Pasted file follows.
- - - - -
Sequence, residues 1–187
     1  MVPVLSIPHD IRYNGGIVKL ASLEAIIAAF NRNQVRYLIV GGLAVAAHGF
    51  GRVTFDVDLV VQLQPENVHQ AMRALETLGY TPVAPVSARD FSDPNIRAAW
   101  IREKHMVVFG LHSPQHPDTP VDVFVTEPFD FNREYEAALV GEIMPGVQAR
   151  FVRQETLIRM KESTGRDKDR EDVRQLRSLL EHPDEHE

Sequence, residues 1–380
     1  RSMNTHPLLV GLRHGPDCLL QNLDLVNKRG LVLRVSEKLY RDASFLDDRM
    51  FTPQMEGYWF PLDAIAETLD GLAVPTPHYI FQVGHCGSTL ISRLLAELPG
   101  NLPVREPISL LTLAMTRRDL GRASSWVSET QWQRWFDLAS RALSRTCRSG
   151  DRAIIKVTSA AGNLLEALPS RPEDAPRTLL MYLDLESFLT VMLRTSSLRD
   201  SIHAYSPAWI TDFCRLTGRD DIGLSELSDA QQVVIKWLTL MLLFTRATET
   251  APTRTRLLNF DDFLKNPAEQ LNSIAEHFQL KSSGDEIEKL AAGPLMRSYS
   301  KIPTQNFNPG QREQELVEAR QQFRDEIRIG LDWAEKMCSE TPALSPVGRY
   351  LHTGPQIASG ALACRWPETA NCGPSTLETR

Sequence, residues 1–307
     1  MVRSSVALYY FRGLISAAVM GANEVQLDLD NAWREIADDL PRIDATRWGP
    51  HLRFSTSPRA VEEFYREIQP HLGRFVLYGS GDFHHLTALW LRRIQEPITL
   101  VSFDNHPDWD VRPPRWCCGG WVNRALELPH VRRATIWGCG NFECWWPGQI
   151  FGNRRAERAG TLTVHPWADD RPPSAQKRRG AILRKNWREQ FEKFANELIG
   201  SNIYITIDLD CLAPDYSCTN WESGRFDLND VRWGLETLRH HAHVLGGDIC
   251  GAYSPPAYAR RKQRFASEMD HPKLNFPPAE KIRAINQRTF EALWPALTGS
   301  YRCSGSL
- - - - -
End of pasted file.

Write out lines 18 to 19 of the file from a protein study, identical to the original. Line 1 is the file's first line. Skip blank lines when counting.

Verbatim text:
   101  VSFDNHPDWD VRPPRWCCGG WVNRALELPH VRRATIWGCG NFECWWPGQI
   151  FGNRRAERAG TLTVHPWADD RPPSAQKRRG AILRKNWREQ FEKFANELIG